Are bananas something you can share with your dog or should you keep them to yourself? This article will give you a detailed answer.
Bananas are one of the most popular fruits for us humans.
We use them in cereal, smoothies or as a snack, as they’re real energy-boosters.
No wonder you want to share some with your dog! But, the question is – is it safe?
Dogs love to eat, that’s a fact! However, many dogs are not very picky and they may eat pretty much anything they can come across. Unfortunately, it can result in eating something they shouldn’t and that’s bad for them. Therefore, it’s your responsibility as a dog owner to know what’s safe for your dog to eat and what should be kept far away from your best friend. As always, we’re here to help you.
Today we’re continuing our research on appropriate food for dogs, so you can cross off one more thing from your list. Considering you’re reading this, we’re guessing you want to know the following:
Can I Give My Dog Bananas?
The short answer to this question is – yes, dogs can eat bananas! They’re not toxic to dogs in any way. Not only are they safe for dogs to eat, but they’re also healthy as well.
However, it’s important to feed bananas in moderation. Also, remember that every dog is different, so even though bananas are safe, it doesn’t mean your dog will like or enjoy them. Therefore, introduce bananas slowly to your dog’s diet – like any other new food for that matter – and wait and see what the reaction will be.
Before we continue, check out the video below.
Now, let’s discover what makes bananas healthy!
Why Are Bananas Healthy For Your Dog?
Bananas are very healthy for us to eat, nothing new there! But did you know that they’re actually beneficial for dogs as well? They’re a great source of vitamins B and C, and the minerals magnesium and potassium – all of which are desirable for both dogs and people.
Let’s take a closer look at the nutritional benefits:
- Potassium –is very beneficial for the balance of fluid and electrolytes in your dog’s body. It also has an important role to play in the function of the nervous system.
- Magnesium – is important to maintain normal nerve and muscle function, support a regular heart beat, and help bones remain strong. It also helps regulate blood sugar levels and is important in the production of energy and proteins. (1)
- Vitamin B6 (Pyridoxine) – is important in the production and function of haemoglobin, which transports oxygen around the body to the vital organs.
- Vitamin C – is an antioxidant, which helps to preserve and repair cells in the body. It is also important for good immune system function.
- Fiber and copper – helping with bowel movement problems, especially when a dog has diarrhea
- Biotin – is an important type of vitamin B that helps maintain healthy skin, fur and nails. It also promotes healthy blood sugar levels.
Bananas are great for improving your dog’s bowel movement and protecting its stomach from ulcers, acid secretion and gastritis. On top of all that, bananas are low in sodium and fat, while being high in antioxidants, vitamins and minerals. This combination helps to contribute to a better working immune system and gives a boost to your dog’s energy levels too. Its also great news for your dog’s skin and coat, which will also benefit from bananas too!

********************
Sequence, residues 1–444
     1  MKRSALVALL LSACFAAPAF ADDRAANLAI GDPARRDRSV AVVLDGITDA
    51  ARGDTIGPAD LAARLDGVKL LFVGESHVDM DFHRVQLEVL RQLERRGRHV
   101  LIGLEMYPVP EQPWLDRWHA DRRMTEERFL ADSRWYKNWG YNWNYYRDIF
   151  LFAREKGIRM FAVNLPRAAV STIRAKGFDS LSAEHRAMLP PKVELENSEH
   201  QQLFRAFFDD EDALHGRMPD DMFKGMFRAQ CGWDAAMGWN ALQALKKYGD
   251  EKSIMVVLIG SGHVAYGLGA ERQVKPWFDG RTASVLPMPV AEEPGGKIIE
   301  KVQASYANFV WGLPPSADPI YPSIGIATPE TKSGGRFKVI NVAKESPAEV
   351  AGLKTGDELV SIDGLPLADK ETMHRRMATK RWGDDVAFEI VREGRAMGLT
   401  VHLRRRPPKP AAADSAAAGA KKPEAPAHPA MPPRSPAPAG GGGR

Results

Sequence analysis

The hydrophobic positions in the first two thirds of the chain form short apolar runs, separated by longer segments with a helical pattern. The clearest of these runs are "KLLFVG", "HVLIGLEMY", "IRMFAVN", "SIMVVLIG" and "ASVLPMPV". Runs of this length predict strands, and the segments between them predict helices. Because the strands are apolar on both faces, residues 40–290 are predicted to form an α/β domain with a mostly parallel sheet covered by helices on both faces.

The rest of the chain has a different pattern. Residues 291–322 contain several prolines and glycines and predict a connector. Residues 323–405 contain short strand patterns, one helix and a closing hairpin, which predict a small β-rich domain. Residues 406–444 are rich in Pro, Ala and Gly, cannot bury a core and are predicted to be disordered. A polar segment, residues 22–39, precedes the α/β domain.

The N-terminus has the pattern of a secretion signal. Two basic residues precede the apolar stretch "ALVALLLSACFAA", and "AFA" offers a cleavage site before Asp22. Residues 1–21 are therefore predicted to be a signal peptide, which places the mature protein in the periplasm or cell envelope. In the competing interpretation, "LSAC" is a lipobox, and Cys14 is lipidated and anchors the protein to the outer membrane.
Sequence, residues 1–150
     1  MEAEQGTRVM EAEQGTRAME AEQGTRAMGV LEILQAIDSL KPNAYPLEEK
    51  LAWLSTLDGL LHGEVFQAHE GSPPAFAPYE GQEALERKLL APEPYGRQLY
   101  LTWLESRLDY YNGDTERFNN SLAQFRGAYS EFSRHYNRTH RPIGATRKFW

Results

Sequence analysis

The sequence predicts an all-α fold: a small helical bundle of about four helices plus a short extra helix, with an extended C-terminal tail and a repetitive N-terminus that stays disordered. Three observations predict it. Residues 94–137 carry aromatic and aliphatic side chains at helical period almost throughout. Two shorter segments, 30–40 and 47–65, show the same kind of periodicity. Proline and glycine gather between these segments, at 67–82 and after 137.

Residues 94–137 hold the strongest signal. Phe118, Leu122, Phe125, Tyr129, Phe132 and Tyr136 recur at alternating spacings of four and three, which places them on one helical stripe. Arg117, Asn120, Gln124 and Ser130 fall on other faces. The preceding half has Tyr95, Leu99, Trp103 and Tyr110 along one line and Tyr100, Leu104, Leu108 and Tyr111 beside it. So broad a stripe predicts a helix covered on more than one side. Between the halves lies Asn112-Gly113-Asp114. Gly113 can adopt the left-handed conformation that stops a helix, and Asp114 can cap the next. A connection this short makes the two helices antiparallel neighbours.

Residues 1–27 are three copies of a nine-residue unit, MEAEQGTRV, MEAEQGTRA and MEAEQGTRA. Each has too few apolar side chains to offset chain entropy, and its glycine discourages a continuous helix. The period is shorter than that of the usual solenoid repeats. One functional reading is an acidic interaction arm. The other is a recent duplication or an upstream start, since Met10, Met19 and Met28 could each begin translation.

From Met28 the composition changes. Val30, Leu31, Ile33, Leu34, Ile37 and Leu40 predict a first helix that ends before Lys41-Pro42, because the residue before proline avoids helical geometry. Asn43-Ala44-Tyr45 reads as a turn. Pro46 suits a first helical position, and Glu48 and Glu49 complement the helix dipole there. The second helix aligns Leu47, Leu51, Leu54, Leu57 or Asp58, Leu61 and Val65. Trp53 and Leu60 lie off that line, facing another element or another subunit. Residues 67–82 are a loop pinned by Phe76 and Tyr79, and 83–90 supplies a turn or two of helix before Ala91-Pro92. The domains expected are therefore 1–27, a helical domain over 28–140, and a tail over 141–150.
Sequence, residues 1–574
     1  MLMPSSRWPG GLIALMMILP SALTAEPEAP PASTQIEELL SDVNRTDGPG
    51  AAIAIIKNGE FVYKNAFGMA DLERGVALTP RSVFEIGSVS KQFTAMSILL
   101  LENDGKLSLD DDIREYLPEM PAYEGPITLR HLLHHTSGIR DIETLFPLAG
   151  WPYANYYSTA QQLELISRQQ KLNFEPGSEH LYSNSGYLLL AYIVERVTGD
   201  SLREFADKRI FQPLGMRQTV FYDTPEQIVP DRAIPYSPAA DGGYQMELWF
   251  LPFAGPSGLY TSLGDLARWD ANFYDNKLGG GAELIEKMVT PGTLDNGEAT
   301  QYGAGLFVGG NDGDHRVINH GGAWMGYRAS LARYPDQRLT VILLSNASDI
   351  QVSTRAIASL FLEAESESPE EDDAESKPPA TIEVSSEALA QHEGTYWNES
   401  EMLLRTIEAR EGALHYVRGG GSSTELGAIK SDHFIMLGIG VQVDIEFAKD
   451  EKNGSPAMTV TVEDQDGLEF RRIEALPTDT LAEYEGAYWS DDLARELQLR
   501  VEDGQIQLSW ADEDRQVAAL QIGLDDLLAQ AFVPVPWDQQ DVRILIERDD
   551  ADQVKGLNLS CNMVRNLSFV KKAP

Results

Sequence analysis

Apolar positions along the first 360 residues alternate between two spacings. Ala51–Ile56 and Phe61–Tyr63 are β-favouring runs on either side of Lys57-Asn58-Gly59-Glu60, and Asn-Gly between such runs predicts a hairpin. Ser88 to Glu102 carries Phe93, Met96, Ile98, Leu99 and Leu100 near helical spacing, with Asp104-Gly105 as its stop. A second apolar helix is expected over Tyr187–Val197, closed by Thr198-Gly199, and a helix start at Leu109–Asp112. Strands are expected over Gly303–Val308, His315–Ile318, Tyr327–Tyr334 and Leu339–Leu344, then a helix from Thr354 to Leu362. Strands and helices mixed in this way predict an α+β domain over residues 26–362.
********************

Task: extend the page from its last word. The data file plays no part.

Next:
A study has shown that dogs that were fed a Vitamin B6 deficient diet rapidly developed severe anemia and heart disease, compared to dogs whose diet included this vitamin. (2)
Biotin is highly important vitamin for dogs, especially the ones prone to developing skin and fur conditions. One study revealed that biotin treatment was highly successful in curing dogs from various skin conditions (such as dull coat, brittle hair, loss of hair, scaly skin, pruritus or dermatitis). (3)
Researchers in Trinidad and Tobago actually discovered other usages of banana parts that can help in maintaining dog’s health. For example, they found that water from banana stems successfully treats minor cases of mange in dogs. (4)
Finally, have you ever heard of the BRAT diet? If not, this diet stands for Bananas, Rice, Applesauce and Toast – recommended for a couple of days in the case a dog has diarrhea. Another great benefit that can come from some banana slices!
How Many Bananas Should Dogs Eat?
Bananas are high in sugar, therefore you should be careful with the amount of banana you give to your dog. Your dog will be able to enjoy the benefits when given small amounts, as giving your dog a large amount of banana daily may cause your dog harm! Why?
Besides the high sugar level, bananas are also a rich source of potassium, as mentioned above. Even though potassium is an important part of every diet in reasonable amounts, too much of it can lead to a serious condition called Hyperkalemia. (5)
This is why you should only feed bananas occasionally, in small amounts. The amount will depend on your dog’s size, but in general a banana per week is enough – divided into slices throughout the week. Start off slowly and see how your dog will react.
How Do I Serve Bananas To My Dog?
Bananas can be served in many different ways, which allows you to be creative if you want to. However, there are a couple of guidelines you should follow when giving this fruit to your dog.